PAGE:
The results of a recent DOL investigation should leave you shaking your head at one company’s FMLA mistake.
Recently, bottled water company O Premium Waters was acquired by D.S. Waters (d.b.a., “Sparkletts”), another water company.
And just prior to the acquisition, O Premium truck driver Peter Lyle was placed on company approved FMLA leave.
Sparkletts ended up retaining 87% of O Premium’s drivers.
But guess who was among the 13% sent packing? Peter Lyle.
His termination sparked a DOL investigation into whether Lyle’s FMLA rights had been interfered with.
Under the FMLA, employers are required to restore employees returning from FMLA leave to the same position they had before taking leave — or an equivalent one.
Sparkletts doesn’t appear to have had much of a case for why it didn’t restore Lyle to his previous position. After all, it retained the vast majority of O Premium employees who held the same position as Lyle.
So … surprise, surprise … the DOL ruled that Sparkletts had violated the FMLA.
Following the ruling, the DOL and Sparkletts entered into a consent judgment — basically an agreement between all parties involved in a suit — in which the company agreed to reinstate Lyle to his old position with full seniority and pay him nearly $27,000 in back wages.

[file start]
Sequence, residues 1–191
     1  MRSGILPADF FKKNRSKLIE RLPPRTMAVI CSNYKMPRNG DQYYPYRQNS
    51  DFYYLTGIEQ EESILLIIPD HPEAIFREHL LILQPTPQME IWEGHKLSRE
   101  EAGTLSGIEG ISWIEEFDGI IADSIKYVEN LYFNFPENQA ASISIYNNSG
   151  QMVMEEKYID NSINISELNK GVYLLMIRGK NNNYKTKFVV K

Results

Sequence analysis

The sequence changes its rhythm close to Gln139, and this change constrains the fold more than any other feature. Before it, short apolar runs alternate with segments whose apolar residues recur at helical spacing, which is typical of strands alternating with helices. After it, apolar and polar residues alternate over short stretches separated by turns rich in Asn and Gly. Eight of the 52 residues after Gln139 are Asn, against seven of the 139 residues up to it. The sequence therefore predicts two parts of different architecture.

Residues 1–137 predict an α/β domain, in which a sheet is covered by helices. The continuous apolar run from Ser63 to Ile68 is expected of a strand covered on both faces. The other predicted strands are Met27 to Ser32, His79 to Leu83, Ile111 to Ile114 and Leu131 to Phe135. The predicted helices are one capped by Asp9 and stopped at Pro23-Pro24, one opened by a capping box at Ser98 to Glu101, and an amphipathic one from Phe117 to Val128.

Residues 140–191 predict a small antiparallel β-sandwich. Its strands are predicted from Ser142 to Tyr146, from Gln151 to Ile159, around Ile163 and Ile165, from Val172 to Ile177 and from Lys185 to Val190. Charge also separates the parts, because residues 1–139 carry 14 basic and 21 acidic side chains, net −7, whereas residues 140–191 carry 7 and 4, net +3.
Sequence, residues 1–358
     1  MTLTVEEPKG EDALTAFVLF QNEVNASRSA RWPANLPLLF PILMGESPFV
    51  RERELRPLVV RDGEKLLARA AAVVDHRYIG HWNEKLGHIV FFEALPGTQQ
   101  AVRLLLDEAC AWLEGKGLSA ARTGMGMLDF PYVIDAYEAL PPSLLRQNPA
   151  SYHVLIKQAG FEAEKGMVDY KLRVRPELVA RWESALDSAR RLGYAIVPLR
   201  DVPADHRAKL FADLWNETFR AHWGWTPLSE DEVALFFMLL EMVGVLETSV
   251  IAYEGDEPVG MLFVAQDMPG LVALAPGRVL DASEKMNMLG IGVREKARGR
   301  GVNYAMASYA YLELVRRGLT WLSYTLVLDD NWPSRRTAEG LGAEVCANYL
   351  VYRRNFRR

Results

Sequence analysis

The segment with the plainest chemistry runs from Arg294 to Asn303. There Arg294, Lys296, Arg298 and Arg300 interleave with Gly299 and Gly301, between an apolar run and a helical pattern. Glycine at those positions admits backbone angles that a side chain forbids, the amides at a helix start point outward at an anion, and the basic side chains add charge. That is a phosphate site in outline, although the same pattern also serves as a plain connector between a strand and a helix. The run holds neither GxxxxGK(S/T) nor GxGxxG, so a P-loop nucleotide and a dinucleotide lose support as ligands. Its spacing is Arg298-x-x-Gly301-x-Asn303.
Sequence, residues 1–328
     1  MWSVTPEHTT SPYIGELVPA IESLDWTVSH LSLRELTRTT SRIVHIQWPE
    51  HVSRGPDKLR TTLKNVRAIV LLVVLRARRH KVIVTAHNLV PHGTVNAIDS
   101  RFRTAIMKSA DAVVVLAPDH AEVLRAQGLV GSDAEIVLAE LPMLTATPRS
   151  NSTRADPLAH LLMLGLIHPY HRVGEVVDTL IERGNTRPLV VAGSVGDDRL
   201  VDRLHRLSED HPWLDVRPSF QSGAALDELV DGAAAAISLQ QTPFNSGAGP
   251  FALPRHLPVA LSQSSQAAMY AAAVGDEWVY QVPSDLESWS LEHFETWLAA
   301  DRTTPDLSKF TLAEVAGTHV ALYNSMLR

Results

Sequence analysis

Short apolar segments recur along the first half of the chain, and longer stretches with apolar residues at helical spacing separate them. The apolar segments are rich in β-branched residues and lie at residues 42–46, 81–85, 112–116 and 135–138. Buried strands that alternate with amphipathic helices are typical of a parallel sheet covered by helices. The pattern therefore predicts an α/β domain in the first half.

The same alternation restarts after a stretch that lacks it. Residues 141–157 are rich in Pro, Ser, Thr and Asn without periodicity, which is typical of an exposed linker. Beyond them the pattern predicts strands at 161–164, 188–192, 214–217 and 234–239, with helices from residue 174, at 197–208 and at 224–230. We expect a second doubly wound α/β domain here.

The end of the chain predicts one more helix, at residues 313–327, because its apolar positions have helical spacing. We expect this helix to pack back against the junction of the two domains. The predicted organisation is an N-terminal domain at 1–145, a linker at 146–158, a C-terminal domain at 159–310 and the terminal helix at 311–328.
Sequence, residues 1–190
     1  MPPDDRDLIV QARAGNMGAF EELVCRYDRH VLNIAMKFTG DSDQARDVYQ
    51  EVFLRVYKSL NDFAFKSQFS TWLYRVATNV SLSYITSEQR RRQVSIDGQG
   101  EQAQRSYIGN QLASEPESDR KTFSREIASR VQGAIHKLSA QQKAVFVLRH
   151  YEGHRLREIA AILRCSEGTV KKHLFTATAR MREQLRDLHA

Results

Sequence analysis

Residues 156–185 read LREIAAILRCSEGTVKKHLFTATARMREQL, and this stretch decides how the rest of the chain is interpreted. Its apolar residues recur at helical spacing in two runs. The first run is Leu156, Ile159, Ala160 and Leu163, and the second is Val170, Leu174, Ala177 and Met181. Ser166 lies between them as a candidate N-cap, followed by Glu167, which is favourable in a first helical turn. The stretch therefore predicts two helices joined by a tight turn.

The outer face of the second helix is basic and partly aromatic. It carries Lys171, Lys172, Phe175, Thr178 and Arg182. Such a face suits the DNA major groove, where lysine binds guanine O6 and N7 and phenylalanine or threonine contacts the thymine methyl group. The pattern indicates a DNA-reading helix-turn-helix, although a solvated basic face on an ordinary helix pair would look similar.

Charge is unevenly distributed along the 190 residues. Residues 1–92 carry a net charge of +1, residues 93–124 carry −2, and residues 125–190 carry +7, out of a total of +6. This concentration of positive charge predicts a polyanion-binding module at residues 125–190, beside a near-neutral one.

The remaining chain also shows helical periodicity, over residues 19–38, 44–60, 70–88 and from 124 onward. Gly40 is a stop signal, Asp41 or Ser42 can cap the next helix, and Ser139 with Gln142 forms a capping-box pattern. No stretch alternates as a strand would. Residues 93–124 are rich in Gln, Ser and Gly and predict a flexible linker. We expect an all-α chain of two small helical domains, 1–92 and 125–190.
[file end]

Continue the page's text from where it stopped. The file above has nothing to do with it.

But that wasn’t the end of the damage for Sparkletts. When Lyle lost his job, he also lost his medical benefits. And as a result, he incurred more than $31,000 in medical bills — all of which Sparkletts was required to reimburse him for as well.
Needed: Supporting reasons
There’s no telling what Sparkletts was thinking when it decided to terminate Lyle — although it appears as though it wasn’t thinking.
But there’s one thing this case makes very clear: Even in situations where acquisitions occur, the acquiring company may have to fulfill the FMLA obligations taken on by the acquired employer.
While the FMLA, doesn’t shield employees on medical leave from every kind of adverse action imaginable, employers still need to establish some very compelling reasons to terminate an employee on — or returning from — FMLA leave. And those reasons need to be accompanied by detailed supporting documentation.
Without those docs, a termination involving an employee on FMLA leave is bound to be shot down in court — and in a DOL investigation.